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Arthur J. Gallagher & Co. asked a federal court in Arizona to dismiss a class action lawsuit alleging its captive management unit promoted the use of 831(b) captives that resulted in captive owners illegally reducing their taxes.
The lawsuit against Gallagher and its Artex Risk Solutions Inc. unit was filed in December in U.S. District Court in Phoenix on behalf of a group of Arizona-based businesses that allege they had to pay back taxes, penalties and interest to settle IRS investigations over their use of 831(b) captives, also known as microcaptives. The plaintiffs in Dimitri Shivkov v. Artex Risk Solutions Inc., which seeks class action status, allege violation of the Racketeer Influenced and Corrupt Organizations, or RICO, Act as well as breach of fiduciary duty, professional malpractice or negligence, and negligent misrepresentation or fraud, among other charges, and are seeking actual and punitive damages.
“Trimming away the many tangled branches of the Complaint reveals its root allegation: in order to earn fees and commissions, the Defendants helped the Plaintiffs set up and run captive insurance companies — insurance companies that are related to their insureds — to provide both insurance coverage and tax benefits,” Gallagher’s motion to dismiss stated. “Defendants supposedly tricked the Plaintiffs into believing that the captive insurance companies would provide certain tax benefits, but the IRS later proposed tax deficiencies against Plaintiffs, and Plaintiffs chose to settle with the IRS.”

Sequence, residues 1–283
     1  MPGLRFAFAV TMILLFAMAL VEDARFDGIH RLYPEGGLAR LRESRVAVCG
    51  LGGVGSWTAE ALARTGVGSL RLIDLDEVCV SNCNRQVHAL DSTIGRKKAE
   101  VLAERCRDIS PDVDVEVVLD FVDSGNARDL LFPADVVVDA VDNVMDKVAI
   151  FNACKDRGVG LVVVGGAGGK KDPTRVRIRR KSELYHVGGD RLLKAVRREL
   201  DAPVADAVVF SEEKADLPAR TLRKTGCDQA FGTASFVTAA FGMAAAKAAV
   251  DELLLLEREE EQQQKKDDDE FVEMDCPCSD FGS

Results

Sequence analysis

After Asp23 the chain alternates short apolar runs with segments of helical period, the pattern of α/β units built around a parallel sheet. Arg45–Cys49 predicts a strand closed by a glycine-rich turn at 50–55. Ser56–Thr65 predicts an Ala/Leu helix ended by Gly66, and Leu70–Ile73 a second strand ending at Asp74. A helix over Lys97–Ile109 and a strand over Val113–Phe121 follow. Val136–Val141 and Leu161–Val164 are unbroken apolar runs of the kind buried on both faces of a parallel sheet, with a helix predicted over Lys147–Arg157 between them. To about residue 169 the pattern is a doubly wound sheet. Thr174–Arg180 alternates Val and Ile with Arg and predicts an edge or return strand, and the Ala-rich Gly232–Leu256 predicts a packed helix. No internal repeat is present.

The 138-page lawsuit tries to allege 13 causes of action spanning 13 years that 45 named plaintiffs assert on behalf of a putative class against 12 defendants, according to Gallagher’s motion to dismiss.
“This piling up of parties, claims, and verbose allegations is a tactic,” the motion stated. “It aims to overwhelm the reader into overlooking the simple, fatal flaws that require dismissal of the Complaint in the event Defendants’ motion to compel arbitration is not granted.”
The federal and Arizona RICO violation claims in the lawsuit are “thrice-defective” and should be dismissed because they ignore the 9th U.S. Circuit Court of Appeal’s holding that a defendant alleged only to have a “major” role is not liable, the plaintiffs violated the Supreme Court’s “basic principle” of alleging an enterprise distinct from the RICO persons directing it because the alleged enterprise and RICO persons in this case are the same, and because the plaintiffs rely on “RICO predicate acts of fraud but fail to plead fraud with particularity,” according to the motion.
Another reason to dismiss the lawsuit is that the contracts that governed each captive’s formation and operation specifically state that the defendants are not the plaintiffs’ advisers, and the plaintiffs alone are responsible for tax and legal matters, according to the motion.
“Defendants were not responsible for providing tax or legal advice to Plaintiffs,” the motion said.
The tort claims also violate the economic loss rule, which requires contracting parties to seek recovery pursuant to the terms of the contract itself for any economic injuries, according to the motion.
“Tellingly, Plaintiffs’ breach of contract and tort claims all assert the exact same economic injuries,” the motion said. “Plaintiffs may recover, if at all, only under the contracts. The tort claims should be dismissed.”
A spokesperson for Gallagher declined to comment.
Attorneys for both the plaintiffs and the defendants could not be immediately reached for comment.
Peter Mullen, Aon P.L.C.’s former captive chief, is returning to head rival brokerage Arthur J. Gallagher & Co.’s captive operation, Artex Risk Solutions Inc.